TUSCOLA, Texas (KTAB/KRBC) – Just a day after the Uvalde school shooting, parents across the state anxiously dropped their children off at school, not knowing what might happen. Some Jim Ned parents, though, felt some peace of mind.

As school let in and let out Wednesday across Taylor County, there was heightened presence guarding the entrances to the schools. Officers with the Taylor County Sheriff’s Office (TCSO) had their vehicles parked, monitoring the traffic flow as an extra measure to keep students and teachers safe.

For Chelynne Barkley, a parent of two Jim Ned elementary schoolers, it was with a worrisome heart she dropped off her children at school.

“We don’t want to take our kids to school when something like this happens,” Barkley said. “It’s fresh and scary, and it’s alarming. I mean, I felt a lot of comfort in knowing that the Sheriff’s Department was there and they were protecting that school.” 

Barkley and her family are new to the Tuscola area, having moved to the smaller town from Odessa, Texas, in the efforts to get her kids in a smaller school district. However, just as they got settled in, a shooting at Robb Elementary School in Uvalde happened, killing 19 innocent children the same ages as hers.

In Odessa, Barkley said there had been shootings before, but none hit home quite like the Uvalde shooting, as the thought of the same thing happening to her kids or mother, who also works in the Odessa school system.

“You just wake up and you feel blessed and fortunate to have your kids with you and they’re safe,” Barkley said. “But also, it’s not just our kids in the school. It’s our family, our neighbors and friends. We worry about all of them.”

While she is new to the district, Barkley said she’s glad the school is taking preventative measures. Measures like doing drills, having exterior doors locked at all times and having a buzzer system up front.

“We lock the doors and then we go into a corner. We turn all the lights off, all the computers off and we just stand a corner where, if a shooter was to look through the door, they can’t see us,” Peyton Hill said.

Hill, a junior at Jim Ned High School, said between doing the drills and having those safety measures in place, she feels very confident in the preparedness Jim Ned has taken ahead of an emergency.

It’s the unexpectedness of an active shooter that worries Hill, because it could be any of her peers, her friends. Hill included that she wished the school would do more drills to keep it fresher on the mind.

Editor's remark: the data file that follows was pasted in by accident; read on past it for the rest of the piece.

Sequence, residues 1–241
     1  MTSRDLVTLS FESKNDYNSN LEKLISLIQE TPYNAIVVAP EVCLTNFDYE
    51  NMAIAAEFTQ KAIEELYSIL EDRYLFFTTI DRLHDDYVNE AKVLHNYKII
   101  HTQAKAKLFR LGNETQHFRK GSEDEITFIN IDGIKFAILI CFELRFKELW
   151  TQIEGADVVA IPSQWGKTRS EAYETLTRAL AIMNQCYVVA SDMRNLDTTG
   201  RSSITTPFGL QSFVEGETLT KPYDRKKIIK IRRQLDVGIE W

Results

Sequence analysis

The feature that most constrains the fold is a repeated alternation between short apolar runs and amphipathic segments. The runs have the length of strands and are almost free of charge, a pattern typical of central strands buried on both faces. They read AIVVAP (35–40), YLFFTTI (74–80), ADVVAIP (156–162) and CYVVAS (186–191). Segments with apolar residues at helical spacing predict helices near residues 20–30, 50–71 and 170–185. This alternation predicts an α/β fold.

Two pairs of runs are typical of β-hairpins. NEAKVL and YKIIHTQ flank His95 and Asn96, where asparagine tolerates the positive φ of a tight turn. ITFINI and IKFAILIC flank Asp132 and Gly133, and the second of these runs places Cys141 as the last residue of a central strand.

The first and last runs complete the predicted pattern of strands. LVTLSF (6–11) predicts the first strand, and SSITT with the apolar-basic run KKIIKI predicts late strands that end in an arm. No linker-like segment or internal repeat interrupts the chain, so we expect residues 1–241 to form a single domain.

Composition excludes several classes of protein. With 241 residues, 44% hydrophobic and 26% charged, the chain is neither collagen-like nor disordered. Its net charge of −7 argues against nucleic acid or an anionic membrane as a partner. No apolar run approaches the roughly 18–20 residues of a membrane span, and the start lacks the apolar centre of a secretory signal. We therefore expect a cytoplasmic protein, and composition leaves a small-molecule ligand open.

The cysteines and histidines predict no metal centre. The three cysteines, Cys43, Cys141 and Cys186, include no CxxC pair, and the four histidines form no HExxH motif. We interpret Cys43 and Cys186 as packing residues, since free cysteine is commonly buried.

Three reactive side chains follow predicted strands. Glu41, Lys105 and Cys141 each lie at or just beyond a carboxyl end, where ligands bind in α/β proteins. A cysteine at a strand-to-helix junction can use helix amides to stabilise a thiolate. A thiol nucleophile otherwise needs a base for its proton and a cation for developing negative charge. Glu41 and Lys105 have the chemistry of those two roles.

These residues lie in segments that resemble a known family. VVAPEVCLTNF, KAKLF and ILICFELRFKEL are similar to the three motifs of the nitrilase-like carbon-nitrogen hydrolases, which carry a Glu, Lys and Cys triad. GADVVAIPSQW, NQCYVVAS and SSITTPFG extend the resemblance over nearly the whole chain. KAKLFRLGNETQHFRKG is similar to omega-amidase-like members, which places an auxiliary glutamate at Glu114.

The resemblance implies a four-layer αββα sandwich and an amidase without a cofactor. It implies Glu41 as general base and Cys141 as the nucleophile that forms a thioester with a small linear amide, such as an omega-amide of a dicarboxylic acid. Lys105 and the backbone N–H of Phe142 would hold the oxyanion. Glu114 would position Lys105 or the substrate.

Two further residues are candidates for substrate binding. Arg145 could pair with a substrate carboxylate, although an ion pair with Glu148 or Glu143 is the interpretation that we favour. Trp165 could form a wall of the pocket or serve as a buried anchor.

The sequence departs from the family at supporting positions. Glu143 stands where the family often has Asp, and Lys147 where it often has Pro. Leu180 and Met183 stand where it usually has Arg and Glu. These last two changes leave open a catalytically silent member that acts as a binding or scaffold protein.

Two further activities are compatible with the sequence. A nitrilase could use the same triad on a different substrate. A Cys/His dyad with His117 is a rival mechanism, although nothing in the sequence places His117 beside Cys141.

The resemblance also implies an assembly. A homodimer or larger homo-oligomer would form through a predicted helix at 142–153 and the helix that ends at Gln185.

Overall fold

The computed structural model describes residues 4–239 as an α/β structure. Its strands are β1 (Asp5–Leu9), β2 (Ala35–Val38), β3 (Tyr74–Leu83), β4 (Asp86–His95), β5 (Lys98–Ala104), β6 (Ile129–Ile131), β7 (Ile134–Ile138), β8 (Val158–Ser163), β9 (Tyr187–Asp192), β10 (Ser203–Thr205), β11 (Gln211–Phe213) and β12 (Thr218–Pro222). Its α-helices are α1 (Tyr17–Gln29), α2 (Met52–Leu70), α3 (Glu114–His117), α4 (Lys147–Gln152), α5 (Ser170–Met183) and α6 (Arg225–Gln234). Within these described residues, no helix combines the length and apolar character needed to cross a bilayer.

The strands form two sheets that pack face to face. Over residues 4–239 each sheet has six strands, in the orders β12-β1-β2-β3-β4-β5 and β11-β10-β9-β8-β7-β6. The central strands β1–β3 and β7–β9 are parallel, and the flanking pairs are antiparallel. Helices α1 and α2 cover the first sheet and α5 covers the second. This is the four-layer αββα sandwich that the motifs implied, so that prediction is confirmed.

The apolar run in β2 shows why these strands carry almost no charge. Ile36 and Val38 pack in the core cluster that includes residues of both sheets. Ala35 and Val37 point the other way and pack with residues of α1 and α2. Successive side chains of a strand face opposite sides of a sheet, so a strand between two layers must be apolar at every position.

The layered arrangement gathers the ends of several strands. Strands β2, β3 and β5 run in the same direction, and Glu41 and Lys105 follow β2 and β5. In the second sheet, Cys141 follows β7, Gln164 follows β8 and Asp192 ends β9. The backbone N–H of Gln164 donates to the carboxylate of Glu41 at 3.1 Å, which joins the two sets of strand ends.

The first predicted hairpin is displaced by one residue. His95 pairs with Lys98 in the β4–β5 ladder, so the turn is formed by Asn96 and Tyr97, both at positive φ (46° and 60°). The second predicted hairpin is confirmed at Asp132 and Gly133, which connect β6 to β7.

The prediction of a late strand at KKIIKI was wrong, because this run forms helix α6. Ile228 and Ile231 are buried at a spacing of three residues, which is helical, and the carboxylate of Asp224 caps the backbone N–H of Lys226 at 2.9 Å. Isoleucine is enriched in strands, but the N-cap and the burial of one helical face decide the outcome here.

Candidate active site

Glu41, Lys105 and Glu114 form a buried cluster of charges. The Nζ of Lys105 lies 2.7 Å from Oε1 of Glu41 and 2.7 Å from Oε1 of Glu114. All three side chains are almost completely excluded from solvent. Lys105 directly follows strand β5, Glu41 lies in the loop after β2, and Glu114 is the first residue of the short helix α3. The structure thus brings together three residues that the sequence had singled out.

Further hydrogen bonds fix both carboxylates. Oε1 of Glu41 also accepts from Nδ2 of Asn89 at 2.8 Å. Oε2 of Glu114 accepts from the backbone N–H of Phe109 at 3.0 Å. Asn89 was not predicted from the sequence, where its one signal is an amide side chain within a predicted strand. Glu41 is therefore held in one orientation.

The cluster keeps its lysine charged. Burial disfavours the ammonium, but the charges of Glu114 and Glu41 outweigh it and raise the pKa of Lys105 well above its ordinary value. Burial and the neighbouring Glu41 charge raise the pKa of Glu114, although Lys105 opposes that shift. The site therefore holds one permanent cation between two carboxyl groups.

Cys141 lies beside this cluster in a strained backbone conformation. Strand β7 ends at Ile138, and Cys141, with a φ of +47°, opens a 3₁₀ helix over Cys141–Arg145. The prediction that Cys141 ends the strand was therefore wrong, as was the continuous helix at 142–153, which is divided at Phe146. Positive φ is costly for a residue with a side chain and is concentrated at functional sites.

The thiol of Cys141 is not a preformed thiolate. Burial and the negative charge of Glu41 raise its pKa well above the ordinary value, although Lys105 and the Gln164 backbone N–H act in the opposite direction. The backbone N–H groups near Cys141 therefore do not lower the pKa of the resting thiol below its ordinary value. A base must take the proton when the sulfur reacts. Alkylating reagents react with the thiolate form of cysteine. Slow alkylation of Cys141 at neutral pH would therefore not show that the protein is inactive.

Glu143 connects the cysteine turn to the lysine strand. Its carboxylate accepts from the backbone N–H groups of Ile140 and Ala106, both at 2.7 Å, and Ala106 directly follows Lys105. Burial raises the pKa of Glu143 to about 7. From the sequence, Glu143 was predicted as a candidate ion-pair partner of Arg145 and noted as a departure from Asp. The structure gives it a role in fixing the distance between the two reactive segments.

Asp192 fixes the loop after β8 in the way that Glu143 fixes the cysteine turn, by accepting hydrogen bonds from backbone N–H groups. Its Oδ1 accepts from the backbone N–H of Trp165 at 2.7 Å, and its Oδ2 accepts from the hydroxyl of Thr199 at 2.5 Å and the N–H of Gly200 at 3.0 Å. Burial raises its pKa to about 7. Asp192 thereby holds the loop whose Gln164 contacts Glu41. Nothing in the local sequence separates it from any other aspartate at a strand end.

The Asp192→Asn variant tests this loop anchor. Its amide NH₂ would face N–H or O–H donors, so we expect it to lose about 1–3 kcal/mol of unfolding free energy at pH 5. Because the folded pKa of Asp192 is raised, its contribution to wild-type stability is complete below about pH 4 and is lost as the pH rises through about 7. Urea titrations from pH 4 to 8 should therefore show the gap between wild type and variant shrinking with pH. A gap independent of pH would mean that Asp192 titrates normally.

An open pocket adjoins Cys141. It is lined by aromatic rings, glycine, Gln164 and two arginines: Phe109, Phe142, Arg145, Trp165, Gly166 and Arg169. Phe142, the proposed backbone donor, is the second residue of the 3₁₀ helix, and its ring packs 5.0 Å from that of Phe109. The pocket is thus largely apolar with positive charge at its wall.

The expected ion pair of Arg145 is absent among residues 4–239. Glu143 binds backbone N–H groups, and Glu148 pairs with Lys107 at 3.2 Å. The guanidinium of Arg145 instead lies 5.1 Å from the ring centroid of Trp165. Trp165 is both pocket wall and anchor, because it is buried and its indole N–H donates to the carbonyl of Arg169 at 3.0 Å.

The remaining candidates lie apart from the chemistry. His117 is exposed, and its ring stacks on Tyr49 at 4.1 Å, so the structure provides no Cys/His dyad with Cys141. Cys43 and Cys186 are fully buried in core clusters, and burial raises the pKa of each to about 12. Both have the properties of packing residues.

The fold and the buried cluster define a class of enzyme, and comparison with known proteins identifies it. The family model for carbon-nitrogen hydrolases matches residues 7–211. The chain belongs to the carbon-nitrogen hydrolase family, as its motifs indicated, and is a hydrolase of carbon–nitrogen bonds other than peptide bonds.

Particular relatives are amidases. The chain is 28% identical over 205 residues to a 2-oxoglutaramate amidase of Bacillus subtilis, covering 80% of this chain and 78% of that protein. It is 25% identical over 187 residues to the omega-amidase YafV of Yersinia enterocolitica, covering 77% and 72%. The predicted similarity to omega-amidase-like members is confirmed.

However, she said Jim Ned initiated a state-regulated program that gives her a lot of confidence in the event should an active shooter enter her school.

“We felt more protected and like the teachers had our backs,” Hill said. “So we didn’t have to feel like we were at a loss when it came to defending ourselves in that type of situation.”

The School Marshals Program is regulated, certified and trained through the State of Texas. This allows schools to work with their local law enforcement to allow teachers to carry a firearm on school premises.

Jim Ned Superintendent Glen Teal said it partners with TCSO and the School Resource Officer to help train its staff. He said each marshal goes through 80 hours of law enforcement training, having to retake courses every two years to keep the certification, as well as specialized local scenario training.

“We arm employees who are willing and able, and well-trained by the state of Texas to provide law enforcement on our campuses,” Teal said. “But protect their identity and the number of [certified teachers] so that, again, we can respond anonymously when called upon.”

Teal said parents in the area know of the marshals across Jim Ned’s campuses, but do not know the identities to keep the teachers, faculty and students safe from harm outside of school.

He also said, as the school district continues to grow at a rate of about 10%, they can add more marshals as they see fit.

“I just feel blessed that we live in a community where our community responds so quickly to that type of situation when it’s so close to home,” Barkley said.

Aside from Jim Ned, KTAB/KRBC confirmed that Wylie and Merkel ISDs use similar systems. However, Teal said he believes many of the rural schools across the Big Country have similar marshal or guardian programs in place.